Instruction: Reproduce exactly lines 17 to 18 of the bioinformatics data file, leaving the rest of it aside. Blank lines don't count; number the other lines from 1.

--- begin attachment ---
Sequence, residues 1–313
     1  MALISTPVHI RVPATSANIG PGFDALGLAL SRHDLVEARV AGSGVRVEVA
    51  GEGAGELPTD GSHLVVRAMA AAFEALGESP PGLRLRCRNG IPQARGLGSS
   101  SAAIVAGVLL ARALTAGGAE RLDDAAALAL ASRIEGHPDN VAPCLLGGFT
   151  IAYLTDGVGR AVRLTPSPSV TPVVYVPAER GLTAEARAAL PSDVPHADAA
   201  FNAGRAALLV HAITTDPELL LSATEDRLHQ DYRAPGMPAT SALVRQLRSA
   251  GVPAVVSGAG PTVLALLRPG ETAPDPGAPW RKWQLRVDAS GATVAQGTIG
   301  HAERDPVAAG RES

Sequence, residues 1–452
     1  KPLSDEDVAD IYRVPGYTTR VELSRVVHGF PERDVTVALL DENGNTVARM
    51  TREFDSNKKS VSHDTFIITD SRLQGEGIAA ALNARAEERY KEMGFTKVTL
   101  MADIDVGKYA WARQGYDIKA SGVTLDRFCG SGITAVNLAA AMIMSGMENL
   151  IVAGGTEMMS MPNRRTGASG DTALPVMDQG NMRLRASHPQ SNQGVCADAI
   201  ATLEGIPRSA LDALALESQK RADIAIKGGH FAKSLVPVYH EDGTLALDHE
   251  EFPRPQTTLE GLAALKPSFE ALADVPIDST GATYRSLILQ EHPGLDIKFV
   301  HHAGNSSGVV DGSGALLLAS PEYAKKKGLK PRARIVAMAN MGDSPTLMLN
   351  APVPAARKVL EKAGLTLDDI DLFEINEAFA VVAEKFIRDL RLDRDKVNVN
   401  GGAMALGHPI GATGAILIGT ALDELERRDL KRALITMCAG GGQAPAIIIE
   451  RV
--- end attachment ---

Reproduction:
   351  APVPAARKVL EKAGLTLDDI DLFEINEAFA VVAEKFIRDL RLDRDKVNVN
   401  GGAMALGHPI GATGAILIGT ALDELERRDL KRALITMCAG GGQAPAIIIE